I don’t know much about Lauren Conrad. Just that she was on MTV’s The Hills (or Laguna Beach? Or The OC? Or all three?) and that she now has some lifestyle blog (because who doesn’t?) that covers “primping, dining, decorating, crafting, reading and fashion.”
Ms. Conrad is on my radar these days, however, because she recently banned the words “slim,” “thin,” and “skinny” from her site — except for when referring to skinny jeans (obvs).
“My editorial team and I had a long talk about it, and we want to make sure that the focus is on being fit as opposed to a number on a scale,” she wrote on her website.
IMHO, the coolest thing about that sentence is NOT that the focus of Conrad’s website is about to shift away from a fixation on thinness. Yay for that and all, but what I’m really jazzed about is that somewhere in Los Angeles (which is where Conrad is based), a group of folks who create content for young women actually sat around and discussed how their decisions might impact their readers’ self-esteem and outlook — and let that guide their actions.
Really!? Well then, don’t mind me as I just shout some cheesy slogan like “We’ve Come a Long Way, baby!” from the rooftops. Because when I got started in this business (and by this business, I mean working in media that is produced for and therefore influences the thinking of girls and young women) there weren’t a lot of editorial meetings that probed how the articles we produced might affect the ways girls judged themselves, measured their self-worth, and made decisions about how to spend their time, energy, and money. Except at Sassy — the ramifications of the content were paramount at Sassy (RIP).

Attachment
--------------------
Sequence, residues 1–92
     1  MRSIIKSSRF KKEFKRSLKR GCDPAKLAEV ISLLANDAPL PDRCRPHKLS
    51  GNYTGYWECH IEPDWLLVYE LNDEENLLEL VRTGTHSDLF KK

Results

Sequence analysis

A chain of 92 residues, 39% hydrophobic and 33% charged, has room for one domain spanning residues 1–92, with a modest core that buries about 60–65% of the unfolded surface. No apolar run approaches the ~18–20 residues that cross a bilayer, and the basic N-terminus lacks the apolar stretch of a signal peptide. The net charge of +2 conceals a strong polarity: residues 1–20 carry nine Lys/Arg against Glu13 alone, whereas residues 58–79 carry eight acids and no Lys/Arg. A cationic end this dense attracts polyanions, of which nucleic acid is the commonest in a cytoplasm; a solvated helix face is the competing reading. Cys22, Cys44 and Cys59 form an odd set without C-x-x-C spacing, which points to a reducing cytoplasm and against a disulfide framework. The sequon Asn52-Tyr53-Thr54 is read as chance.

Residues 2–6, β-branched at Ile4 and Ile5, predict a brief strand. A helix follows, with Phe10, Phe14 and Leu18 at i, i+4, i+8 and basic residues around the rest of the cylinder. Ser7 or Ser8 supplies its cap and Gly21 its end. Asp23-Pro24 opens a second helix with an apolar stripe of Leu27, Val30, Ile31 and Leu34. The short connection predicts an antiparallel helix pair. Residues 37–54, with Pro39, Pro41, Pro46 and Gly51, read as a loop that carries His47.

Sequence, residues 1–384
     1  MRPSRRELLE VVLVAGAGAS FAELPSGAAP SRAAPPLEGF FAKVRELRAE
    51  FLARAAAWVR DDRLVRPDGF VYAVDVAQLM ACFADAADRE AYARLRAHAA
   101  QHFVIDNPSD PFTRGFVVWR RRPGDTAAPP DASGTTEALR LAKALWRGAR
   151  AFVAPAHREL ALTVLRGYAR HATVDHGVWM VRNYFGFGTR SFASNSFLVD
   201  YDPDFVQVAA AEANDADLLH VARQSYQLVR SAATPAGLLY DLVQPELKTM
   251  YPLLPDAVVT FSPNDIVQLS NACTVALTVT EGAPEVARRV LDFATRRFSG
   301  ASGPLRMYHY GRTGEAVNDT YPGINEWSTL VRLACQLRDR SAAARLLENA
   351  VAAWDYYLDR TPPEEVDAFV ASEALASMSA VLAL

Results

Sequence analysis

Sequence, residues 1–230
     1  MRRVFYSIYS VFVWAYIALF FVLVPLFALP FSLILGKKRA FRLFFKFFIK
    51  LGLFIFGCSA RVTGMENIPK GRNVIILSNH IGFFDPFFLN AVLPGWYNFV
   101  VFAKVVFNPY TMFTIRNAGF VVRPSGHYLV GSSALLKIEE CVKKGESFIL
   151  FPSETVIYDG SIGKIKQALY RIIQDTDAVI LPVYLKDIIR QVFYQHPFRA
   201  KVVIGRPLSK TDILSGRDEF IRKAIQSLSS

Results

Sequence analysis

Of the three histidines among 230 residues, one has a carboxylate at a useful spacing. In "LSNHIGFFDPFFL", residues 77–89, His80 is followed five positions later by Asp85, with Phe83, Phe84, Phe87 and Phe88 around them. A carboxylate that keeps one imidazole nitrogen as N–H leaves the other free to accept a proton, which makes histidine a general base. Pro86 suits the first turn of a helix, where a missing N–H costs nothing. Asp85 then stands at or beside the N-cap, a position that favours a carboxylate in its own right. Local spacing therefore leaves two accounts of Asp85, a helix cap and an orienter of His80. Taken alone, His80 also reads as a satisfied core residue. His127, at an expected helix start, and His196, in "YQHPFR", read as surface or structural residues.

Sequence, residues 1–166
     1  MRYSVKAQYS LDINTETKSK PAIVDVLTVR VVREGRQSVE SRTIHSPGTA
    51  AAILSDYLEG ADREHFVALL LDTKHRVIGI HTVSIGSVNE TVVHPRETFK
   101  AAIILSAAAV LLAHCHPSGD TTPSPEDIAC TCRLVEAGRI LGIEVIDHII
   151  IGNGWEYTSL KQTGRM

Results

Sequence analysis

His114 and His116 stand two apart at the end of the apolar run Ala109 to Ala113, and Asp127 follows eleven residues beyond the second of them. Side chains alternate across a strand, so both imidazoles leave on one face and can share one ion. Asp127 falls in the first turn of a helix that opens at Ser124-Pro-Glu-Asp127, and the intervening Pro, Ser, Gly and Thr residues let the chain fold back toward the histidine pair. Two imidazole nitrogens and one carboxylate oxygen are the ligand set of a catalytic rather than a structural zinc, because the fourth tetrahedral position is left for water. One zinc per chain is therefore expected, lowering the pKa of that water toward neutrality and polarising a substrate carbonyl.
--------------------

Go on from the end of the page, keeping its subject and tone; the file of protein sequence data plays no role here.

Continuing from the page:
However, in the past few years, there’s been all kinds of progress. For instance:
- Popular lingerie company Aerie stopped Photoshopping its models.
- Italy, Israel, Spain, and France all cracked down on their fashion industries featuring ultra-skinny models.
- Vogue magazine vowed to stop featuring underweight models (full disclosure: I’m quoted as an expert in the Associated Press article on this topic that was picked up globally).
- A group of teens from Maine protested Seventeen’s airbrushed images by gathering more than 80,000 signatures — and eventually had a sit-down with the magazine’s Editor in Chief that resulted in Seventeen creating a Body Peace Treaty.
Impressive and exciting advancements, no?
LaurenConrad.com still faces challenges, especially since there’s been a lot of ballyhoo recently about fitspo being the new thinspo. It does, after all, still encourage women to prioritize their appearance and incite intense scrutiny of others’ bodies (and motivations), as well as our own.
Even so, I’m thrilled about Conrad’s declaration…and I’ll be rooting for her if she ever decides to stop with her whole Bikini Bootcamp thing and become Editor in Chief of some high-powered publication.
Audrey D. Brashich is the author of All Made Up: A Girl’s Guide to Seeing Through Celebrity Hype and Celebrating Real Beauty. She writes regularly about trending pop culture issues for The Washington Post, Yahoo Parenting, and other national news outlets.
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